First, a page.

Modeling flow and transport in fracture networks using graphs
Fractures form the main pathways for flow in the subsurface within lowpermeability rock. For this reason, accurately predicting flow and transport in fractured systems is vital for improving the performance of subsurface applications. Fracture sizes in these systems can range from millimeters to kilometers. Although modeling flow and transport using the discrete fracture network (DFN) approach is known to be more accurate due to incorporation of the detailed fracture network structure over continuumbased methods, capturing the flow and transport in such a wide range of scales is still computationally intractable. Furthermore, if one has to quantify uncertainty, hundreds of realizations of these DFN models have to be run. To reduce the computational burden, we solve flow and transport on a graph representation of a DFN. We study the accuracy of the graph approach by comparing breakthrough times and tracer particle statistical data between the graphbased and the highfidelity DFN approaches, for fracture networks with varying number of fractures and degree of heterogeneity. Due to our recent developments in capabilities to perform DFN highfidelity simulations on fracture networks with large number of fractures, we are in a unique position to perform such a comparison. We show that the graph approach showsmore »
 Authors:

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 Los Alamos National Laboratory (LANL), Los Alamos, NM (United States)
 Publication Date:
 Report Number(s):
 LAUR1725905
Journal ID: 24700045 ; 24700053 (Electronic)
 Grant/Contract Number:
 AC5206NA25396; 20170103DR
 Type:
 Accepted Manuscript
 Journal Name:
 Physical Review E
 Additional Journal Information:
 Journal Volume: 97; Journal Issue: 3
 Research Org:
 Los Alamos National Lab. (LANL), Los Alamos, NM (United States)
 Sponsoring Org:
 USDOE
 Country of Publication:
 United States
 Language:
 English
 Subject:
 58 GEOSCIENCES; 97 MATHEMATICS AND COMPUTING; Earth Sciences; Mathematics; subsurface, flow, transport, graph theory, fractures, breakthrough, particle tracking
 OSTI Identifier:
 1427375
 Alternate Identifier(s):
 OSTI ID: 1425242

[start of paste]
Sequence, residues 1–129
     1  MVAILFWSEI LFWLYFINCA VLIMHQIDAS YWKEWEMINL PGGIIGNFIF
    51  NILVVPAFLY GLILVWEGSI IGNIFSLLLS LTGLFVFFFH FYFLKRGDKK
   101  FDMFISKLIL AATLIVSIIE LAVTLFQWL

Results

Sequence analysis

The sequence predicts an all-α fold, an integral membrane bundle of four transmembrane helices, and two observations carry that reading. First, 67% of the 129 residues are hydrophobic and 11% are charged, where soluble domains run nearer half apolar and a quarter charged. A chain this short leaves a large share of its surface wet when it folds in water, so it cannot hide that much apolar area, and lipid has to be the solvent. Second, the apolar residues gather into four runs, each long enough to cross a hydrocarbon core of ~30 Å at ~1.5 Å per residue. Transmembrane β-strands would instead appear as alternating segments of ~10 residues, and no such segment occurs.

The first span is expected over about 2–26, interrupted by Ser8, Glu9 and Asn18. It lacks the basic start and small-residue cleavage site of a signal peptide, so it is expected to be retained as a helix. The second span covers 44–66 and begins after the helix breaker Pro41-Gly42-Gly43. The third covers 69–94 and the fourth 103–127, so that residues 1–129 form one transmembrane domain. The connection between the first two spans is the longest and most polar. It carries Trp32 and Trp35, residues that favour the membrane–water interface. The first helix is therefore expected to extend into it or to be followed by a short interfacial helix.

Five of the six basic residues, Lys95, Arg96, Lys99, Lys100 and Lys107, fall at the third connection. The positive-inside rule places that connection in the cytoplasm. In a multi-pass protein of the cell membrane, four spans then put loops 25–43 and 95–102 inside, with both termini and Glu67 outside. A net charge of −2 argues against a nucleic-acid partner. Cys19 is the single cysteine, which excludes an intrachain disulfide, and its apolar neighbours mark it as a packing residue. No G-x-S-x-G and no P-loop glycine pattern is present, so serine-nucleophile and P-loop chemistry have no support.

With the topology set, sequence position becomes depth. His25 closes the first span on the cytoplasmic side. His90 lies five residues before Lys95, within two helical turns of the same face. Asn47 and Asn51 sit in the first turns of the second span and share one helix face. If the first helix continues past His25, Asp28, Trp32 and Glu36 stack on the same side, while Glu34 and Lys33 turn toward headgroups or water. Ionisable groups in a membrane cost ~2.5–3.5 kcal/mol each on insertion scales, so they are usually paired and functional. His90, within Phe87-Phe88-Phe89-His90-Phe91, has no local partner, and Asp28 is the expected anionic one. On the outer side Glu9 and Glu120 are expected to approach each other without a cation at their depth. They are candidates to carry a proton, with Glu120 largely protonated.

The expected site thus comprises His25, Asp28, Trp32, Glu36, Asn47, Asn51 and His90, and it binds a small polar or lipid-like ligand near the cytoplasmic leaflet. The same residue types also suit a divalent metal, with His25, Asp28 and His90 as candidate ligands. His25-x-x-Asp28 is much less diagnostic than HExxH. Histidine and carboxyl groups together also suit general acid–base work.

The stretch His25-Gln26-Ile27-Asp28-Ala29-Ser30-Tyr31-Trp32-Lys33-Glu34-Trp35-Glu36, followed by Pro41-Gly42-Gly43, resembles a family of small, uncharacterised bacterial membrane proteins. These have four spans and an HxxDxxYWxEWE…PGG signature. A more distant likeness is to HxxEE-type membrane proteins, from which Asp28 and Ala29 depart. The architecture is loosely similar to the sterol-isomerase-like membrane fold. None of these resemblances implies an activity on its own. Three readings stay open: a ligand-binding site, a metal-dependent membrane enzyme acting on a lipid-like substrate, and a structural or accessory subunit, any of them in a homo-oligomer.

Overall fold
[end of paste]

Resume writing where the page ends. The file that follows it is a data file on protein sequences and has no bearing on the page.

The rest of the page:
Karra, S., O'Malley, D., Hyman, J. D., Viswanathan, H. S., and Srinivasan, G.. Modeling flow and transport in fracture networks using graphs. United States: N. p.,
Web. doi:10.1103/PhysRevE.97.033304.
Karra, S., O'Malley, D., Hyman, J. D., Viswanathan, H. S., & Srinivasan, G.. Modeling flow and transport in fracture networks using graphs. United States. doi:10.1103/PhysRevE.97.033304.
Karra, S., O'Malley, D., Hyman, J. D., Viswanathan, H. S., and Srinivasan, G.. 2018.
"Modeling flow and transport in fracture networks using graphs". United States.
doi:10.1103/PhysRevE.97.033304.
@article{osti_1427375,
title = {Modeling flow and transport in fracture networks using graphs},
author = {Karra, S. and O'Malley, D. and Hyman, J. D. and Viswanathan, H. S. and Srinivasan, G.},
abstractNote = {Fractures form the main pathways for flow in the subsurface within lowpermeability rock. For this reason, accurately predicting flow and transport in fractured systems is vital for improving the performance of subsurface applications. Fracture sizes in these systems can range from millimeters to kilometers. Although modeling flow and transport using the discrete fracture network (DFN) approach is known to be more accurate due to incorporation of the detailed fracture network structure over continuumbased methods, capturing the flow and transport in such a wide range of scales is still computationally intractable. Furthermore, if one has to quantify uncertainty, hundreds of realizations of these DFN models have to be run. To reduce the computational burden, we solve flow and transport on a graph representation of a DFN. We study the accuracy of the graph approach by comparing breakthrough times and tracer particle statistical data between the graphbased and the highfidelity DFN approaches, for fracture networks with varying number of fractures and degree of heterogeneity. Due to our recent developments in capabilities to perform DFN highfidelity simulations on fracture networks with large number of fractures, we are in a unique position to perform such a comparison. We show that the graph approach shows a consistent bias with up to an order of magnitude slower breakthrough when compared to the DFN approach. We show that this is due to graph algorithm's underprediction of the pressure gradients across intersections on a given fracture, leading to slower tracer particle speeds between intersections and longer travel times. We present a bias correction methodology to the graph algorithm that reduces the discrepancy between the DFN and graph predictions. We show that with this bias correction, the graph algorithm predictions significantly improve and the results are very accurate. In conclusion, the good accuracy and the low computational cost, with O(104) times lower times than the DFN, makes the graph algorithm an ideal technique to incorporate in uncertainty quantification methods.},
doi = {10.1103/PhysRevE.97.033304},
journal = {Physical Review E},
number = 3,
volume = 97,
place = {United States},
year = {2018},
month = {3}
}